- Daniel H. Pink – To Sell is Human – written in 2012, about the business of “moving others” that we’re all in, not just the business of sales that some of us are in. Value: if you have an aversion to selling or feel uncomfortable doing it, this book will help you a lot. 272 pages, about 326-minute read, a bit over an hour a day for 5 days.
- John Warrillow – Built to Sell – not about sales per se, more about building sales processes and building an organisation that can sell, profit and grow without your operational involvement. Value: a strategy for all founders that need to scale sales efficiently, without micromanaging sales all the time. 178 pages, about 200-minute read, or a bit over an hour a day for 3 days.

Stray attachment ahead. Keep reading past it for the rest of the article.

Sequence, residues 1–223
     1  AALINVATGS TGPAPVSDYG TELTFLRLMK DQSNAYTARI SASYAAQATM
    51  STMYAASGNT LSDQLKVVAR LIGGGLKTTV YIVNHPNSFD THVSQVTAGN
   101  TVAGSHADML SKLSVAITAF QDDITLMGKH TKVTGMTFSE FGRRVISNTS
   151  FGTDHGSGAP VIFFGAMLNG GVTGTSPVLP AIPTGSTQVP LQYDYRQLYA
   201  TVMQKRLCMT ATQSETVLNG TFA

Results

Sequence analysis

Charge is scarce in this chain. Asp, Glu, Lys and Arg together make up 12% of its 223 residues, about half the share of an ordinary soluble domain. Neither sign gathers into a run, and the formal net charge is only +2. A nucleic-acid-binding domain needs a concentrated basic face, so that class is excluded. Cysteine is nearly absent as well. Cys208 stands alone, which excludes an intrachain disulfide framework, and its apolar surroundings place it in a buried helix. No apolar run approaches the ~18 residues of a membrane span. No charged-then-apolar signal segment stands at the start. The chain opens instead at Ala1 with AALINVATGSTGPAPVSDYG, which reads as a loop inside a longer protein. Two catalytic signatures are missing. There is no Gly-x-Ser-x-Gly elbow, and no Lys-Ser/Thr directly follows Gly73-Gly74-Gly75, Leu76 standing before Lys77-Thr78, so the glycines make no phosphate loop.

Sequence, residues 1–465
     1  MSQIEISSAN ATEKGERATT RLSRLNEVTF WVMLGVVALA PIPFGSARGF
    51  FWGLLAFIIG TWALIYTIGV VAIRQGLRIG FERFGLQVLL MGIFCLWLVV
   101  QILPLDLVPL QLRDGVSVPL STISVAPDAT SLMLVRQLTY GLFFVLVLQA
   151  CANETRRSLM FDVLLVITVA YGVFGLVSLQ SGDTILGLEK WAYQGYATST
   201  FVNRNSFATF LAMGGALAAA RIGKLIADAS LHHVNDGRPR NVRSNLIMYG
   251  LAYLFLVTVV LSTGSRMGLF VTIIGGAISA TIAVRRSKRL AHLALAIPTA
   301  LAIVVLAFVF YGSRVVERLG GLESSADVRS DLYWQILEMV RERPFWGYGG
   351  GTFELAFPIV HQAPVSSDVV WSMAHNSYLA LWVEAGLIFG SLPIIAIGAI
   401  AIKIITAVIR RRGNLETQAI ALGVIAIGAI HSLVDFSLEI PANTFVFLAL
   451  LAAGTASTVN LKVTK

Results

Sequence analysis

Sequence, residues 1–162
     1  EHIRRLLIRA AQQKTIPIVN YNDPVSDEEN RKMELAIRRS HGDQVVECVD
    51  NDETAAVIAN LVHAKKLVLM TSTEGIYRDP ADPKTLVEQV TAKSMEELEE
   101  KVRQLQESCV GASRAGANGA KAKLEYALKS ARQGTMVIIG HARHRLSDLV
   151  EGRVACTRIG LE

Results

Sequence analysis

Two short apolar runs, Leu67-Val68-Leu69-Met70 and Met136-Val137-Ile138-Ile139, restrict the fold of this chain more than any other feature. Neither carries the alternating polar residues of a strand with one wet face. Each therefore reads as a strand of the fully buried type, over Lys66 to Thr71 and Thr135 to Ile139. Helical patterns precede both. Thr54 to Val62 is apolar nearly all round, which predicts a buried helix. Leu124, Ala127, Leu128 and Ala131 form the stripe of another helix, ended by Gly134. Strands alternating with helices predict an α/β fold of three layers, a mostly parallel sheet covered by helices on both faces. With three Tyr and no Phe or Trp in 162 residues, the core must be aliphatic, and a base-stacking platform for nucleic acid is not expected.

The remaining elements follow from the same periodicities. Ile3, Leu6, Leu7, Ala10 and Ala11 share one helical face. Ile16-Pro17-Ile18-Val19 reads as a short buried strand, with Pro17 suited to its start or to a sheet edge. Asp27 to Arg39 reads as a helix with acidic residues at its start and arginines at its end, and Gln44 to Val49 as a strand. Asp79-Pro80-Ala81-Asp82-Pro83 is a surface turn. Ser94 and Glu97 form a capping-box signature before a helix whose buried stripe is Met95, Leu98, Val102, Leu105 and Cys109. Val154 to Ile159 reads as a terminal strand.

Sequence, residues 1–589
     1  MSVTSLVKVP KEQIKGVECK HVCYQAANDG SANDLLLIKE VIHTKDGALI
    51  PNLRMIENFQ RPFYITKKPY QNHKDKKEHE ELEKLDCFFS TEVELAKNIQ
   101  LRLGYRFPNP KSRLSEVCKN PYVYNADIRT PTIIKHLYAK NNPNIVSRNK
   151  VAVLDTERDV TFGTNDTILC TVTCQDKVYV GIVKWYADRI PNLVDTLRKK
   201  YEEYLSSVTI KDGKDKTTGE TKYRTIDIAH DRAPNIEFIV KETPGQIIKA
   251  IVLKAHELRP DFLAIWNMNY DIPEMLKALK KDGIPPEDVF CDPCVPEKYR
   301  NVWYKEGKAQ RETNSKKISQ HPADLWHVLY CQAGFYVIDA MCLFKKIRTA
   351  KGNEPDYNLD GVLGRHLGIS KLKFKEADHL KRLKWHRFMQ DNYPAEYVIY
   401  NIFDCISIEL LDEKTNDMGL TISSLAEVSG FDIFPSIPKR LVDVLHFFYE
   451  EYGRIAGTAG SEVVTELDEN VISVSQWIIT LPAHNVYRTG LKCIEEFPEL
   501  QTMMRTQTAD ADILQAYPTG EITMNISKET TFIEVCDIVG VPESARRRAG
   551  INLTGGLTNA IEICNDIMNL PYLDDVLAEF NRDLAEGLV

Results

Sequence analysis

- Geoffrey Moore – Crossing The Chasm – how tech companies should handle the transition from early to mature markets. Value: basically a tech startup blueprint for success. 211 pages, about 250-minute read, or an hour a day for 4 days.
- Aaron Ross – Predictable Revenue – Aaron Ross pioneered the best approach to B2B Sales so far. Value: learn how an efficient sales department should be ran, how to prospect, how to pitch clients and cold email them. 198 pages, about 240-minute read, or an hour a day for 4 days.
If sales seem challenging – realise that you’re already prepared for sales, it’ll give you an additional confidence boost. What do I mean? Well you have a few aces up your sleeve whether you know it or not: